March shapes up as drier than normal

BoM: March shapes up as drier than normal

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How the Bureau of Metereorology sees March as shaping up with its 50 per cent chance of rain modeling.

How the Bureau of Metereorology sees March as shaping up with its 50 per cent chance of rain modeling.

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March is shaping up as drier month for Queensland, the Northern Territory and northern Western Australia.

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LARGE areas of Queensland, the Northern Territory and northern Western Australia are likely to be drier in March.

That's according to the Bureau of Meteorology's latest climate outlook, which says there is a 60-70 per cent chance of drier conditions in Queensland and the NT, and up to 75pc chance in northern WA.

However, southern Western Australia, southern South Australia, and the western and central parts of both Victoria and NSW have an increased chance of being wetter than average (60-70pc chance).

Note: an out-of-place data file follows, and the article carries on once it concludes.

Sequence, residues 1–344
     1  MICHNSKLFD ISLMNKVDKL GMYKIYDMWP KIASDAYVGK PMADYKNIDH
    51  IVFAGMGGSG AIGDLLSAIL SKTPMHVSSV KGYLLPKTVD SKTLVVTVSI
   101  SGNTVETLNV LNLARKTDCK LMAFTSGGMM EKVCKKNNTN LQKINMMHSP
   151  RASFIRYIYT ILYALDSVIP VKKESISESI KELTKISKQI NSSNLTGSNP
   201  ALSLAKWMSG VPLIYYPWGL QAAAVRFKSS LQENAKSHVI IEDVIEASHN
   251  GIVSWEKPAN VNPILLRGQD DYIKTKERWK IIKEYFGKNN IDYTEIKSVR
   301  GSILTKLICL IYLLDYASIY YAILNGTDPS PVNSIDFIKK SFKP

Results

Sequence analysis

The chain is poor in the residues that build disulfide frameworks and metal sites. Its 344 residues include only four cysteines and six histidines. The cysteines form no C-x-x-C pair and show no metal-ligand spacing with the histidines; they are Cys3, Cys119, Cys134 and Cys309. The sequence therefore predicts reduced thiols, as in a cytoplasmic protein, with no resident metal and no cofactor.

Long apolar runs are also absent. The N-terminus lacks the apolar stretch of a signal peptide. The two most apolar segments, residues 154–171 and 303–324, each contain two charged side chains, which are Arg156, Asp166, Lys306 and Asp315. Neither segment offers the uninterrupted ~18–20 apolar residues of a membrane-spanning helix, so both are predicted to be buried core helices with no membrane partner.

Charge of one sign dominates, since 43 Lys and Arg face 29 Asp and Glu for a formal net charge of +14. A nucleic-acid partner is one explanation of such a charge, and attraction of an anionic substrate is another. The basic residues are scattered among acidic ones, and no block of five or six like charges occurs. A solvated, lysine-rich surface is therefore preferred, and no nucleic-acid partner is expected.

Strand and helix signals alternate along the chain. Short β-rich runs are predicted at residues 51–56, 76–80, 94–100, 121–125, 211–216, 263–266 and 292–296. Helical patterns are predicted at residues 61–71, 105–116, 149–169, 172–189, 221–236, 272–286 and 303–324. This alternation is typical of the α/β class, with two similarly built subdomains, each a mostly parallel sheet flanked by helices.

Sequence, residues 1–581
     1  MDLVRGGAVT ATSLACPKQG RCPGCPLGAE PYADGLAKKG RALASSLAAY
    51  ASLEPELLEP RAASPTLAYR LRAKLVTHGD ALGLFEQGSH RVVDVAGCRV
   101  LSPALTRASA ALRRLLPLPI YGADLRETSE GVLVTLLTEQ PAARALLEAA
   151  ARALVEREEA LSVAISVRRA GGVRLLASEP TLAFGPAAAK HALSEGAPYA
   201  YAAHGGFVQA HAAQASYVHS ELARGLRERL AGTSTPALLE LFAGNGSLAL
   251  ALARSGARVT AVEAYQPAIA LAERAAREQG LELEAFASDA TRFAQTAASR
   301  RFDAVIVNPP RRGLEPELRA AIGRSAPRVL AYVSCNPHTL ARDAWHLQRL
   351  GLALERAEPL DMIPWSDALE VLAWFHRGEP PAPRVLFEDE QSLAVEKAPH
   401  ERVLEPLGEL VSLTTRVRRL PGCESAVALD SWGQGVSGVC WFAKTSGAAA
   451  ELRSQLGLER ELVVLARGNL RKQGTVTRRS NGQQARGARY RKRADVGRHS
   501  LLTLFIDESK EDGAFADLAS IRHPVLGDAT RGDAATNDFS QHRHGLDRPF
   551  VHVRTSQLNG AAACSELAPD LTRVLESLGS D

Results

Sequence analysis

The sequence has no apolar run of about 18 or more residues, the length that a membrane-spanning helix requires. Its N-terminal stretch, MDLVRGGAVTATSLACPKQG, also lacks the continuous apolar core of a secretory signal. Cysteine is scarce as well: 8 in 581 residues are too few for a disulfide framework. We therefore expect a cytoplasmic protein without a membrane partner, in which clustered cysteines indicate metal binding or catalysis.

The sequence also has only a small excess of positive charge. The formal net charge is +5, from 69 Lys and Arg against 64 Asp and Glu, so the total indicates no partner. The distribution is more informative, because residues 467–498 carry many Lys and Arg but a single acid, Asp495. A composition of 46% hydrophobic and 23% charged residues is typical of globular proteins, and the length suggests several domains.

BoM's eight day outlook for February 28 to March 6.

BoM's eight day outlook for February 28 to March 6.

The outlook improves in autumn with BoM saying the chances of a wetter or drier than average March to May are roughly equal for most of Australia.

"However, scattered parts of the tropical north have a slightly increased chance of being drier than average (60-65pc chance)," BoM says

"Southern WA, southern SA, western Victoria and southwest NSW have a slightly increased chance of being wetter than average (60-70pc chance, up to 75pc chance in southern WA)."

Meanwhile, ex-tropical cyclone Esther is continuing to move as a deep tropical low westwards across the Gregory district in the Northern Territory.

The satellite map at 11.30am on Friday.

The satellite map at 11.30am on Friday.

The system will enter the Kimberley region in Western Australia on Friday, most likely remaining over land.

"If the tropical low moves out over water it will only do so briefly before moving back over land in the Kimberley later on Friday," the forecast says.

On Saturday, the tropical low is expected to continue moving west over the Kimberley region.

There are currently no significant tropical lows in the Coral Sea, and none are expected to develop during the next three days.

BoM said major Australian climate drivers including the El Nio-Southern Oscillation and the Indian Ocean Dipole were forecast to remain neutral through autumn.

"When these major climate drivers are neutral, widespread above or below average seasonal rainfall becomes less likely," BoM says.

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